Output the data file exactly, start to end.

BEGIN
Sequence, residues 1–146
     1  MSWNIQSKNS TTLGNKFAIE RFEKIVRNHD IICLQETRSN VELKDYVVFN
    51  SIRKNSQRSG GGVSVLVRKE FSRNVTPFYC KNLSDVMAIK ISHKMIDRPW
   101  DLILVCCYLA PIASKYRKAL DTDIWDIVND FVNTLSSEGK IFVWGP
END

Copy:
Sequence, residues 1–146
     1  MSWNIQSKNS TTLGNKFAIE RFEKIVRNHD IICLQETRSN VELKDYVVFN
    51  SIRKNSQRSG GGVSVLVRKE FSRNVTPFYC KNLSDVMAIK ISHKMIDRPW
   101  DLILVCCYLA PIASKYRKAL DTDIWDIVND FVNTLSSEGK IFVWGP